Souls in the Ostoyan Empire come to this lich rather than going to their natural afterlife, so the lich can feed the souls to his soul object to continue survival. However, some human beings also have a fragment of the goddess of the sun’s power, which interacts strangely with the false afterlife created by the lich. That means that after they die, the player characters are resurrected in the realm of the underground sun.
There are two tricky bits to this first chapter:
- The PCs are hired to retrieve a former soul object of a lich, which they aren’t meant to assume will immediately draw the attention of a lich
- The PCs are going to be overmatched and killed by the lich right after a short dungeon crawl, before the adventure resumes
I think the best way to handle this is to let the PCs know upfront that the setup to the adventure is essentially an extended cut scene, so the DM can get some buy-in to what could feel like a very heavy-handed introduction. Even asking the player characters for buy-in for the extended introduction, I don’t know that I would describe the magic item they are searching for as the former soul object for a lich. The PCs may feel that’s way beyond what they would have agreed to as beginning adventurers.
The next part of the adventure involves the PCs arriving in the Ditches, the lowest level of false afterlife created by the lich. This area, far underground, is filled with undead, hazards, and traps. As the players come back to life, they meet the Dredgers, other people that had a portion of the sun goddess’ divinity in them, and who were resurrected here as well.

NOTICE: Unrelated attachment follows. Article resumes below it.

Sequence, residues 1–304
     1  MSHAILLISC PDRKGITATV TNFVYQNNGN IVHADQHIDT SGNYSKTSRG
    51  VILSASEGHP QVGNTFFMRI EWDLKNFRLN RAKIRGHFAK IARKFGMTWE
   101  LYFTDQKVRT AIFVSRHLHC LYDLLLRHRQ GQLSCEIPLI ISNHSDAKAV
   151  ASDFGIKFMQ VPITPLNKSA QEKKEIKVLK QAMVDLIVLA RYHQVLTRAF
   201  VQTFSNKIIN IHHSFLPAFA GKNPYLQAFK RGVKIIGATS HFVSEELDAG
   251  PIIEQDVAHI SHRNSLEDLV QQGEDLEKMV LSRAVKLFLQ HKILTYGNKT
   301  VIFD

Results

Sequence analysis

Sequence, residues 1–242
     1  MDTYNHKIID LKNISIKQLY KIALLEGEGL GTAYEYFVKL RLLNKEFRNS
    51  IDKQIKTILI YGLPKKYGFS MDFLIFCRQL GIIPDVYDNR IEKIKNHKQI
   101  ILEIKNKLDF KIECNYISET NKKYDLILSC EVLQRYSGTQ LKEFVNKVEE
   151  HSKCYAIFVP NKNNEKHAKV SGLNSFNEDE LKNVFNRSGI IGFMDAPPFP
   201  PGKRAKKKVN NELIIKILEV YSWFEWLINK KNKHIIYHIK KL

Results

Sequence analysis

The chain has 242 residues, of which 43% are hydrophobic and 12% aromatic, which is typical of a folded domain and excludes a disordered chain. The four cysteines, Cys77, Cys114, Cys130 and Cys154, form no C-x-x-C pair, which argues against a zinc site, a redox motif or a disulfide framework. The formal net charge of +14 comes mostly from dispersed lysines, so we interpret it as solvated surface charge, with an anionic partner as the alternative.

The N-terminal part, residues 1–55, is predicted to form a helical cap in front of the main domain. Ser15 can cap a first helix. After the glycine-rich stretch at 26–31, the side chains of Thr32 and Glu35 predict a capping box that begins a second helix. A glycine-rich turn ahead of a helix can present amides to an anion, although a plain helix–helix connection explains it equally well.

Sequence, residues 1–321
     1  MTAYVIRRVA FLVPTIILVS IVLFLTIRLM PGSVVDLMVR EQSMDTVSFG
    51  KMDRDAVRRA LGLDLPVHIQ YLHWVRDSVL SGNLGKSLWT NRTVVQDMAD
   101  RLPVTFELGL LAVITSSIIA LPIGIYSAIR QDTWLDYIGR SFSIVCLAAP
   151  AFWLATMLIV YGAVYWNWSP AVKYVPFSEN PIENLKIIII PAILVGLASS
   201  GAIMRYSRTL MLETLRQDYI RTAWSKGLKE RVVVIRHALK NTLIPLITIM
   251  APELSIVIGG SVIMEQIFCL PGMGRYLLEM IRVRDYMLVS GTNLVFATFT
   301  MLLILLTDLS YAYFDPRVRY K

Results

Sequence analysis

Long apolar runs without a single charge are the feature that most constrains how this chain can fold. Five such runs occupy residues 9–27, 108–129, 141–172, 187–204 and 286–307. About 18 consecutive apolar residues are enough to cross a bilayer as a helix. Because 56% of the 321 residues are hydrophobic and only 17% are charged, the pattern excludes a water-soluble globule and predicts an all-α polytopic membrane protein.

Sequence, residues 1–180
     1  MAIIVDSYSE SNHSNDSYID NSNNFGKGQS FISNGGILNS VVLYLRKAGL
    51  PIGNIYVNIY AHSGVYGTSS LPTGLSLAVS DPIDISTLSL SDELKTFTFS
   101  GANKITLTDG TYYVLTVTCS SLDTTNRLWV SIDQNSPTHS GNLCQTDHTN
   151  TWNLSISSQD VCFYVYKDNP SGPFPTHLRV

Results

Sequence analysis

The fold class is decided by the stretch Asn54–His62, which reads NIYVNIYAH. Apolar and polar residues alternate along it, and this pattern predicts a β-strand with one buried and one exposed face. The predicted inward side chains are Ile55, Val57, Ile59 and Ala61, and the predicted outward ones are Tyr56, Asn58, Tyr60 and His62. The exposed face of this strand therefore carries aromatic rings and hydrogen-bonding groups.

The Dredgers explain how to escape the Ditches, and the monsters guarding the gates to the next level. The NPCs will warn the PCs away from tackling the guardians too early. If the PCs can help all of the PCs in the Dredgers fulfill their wishes, then they may agree to help fight the guardian, or at least contribute resources and items to the PCs for their confrontation.
In addition to having various individual requirements, the Dredgers headquarters also need raw materials and food, meaning the PCs can’t sit back and take it easy. They have to make sure they don’t run out of food, and they may not have a safe place to rest without building material.
I appreciate the built-in NPC interactions inherent in the “unmet needs” portions of the NPC stat blocks. I also like that the Dredgers give the DM a “voice” in the setting to do things like telling them they may be too outmatched to attempt to take out the guardian when they first arrive in the Ditches.
One of the unmet needs of an NPC involves getting a sample from the guardian creatures, and I like the idea that this almost trains the player characters to know that some monsters should be run from, and some encounters can have a specific purpose outside of simply a search and destroy mission (even though eventually you will be searching and destroying the guardians).
Light At The End of the Tunnel
The final chapter in the first episode of this adventure involves finally removing the guardian creatures and ascending to the upper levels of the sunken citadel of the ancient civilization hidden from the world by the lich. On the way to the guardian creatures, the player characters may run into a talkative skull that can test them, potentially allowing them to gain some valuable items for their future trials. The skull can also serve as an alternate solution to some of the Dredgers’ unmet needs, and may also be a boon to different tasks the Dredgers perform to maintain their living space.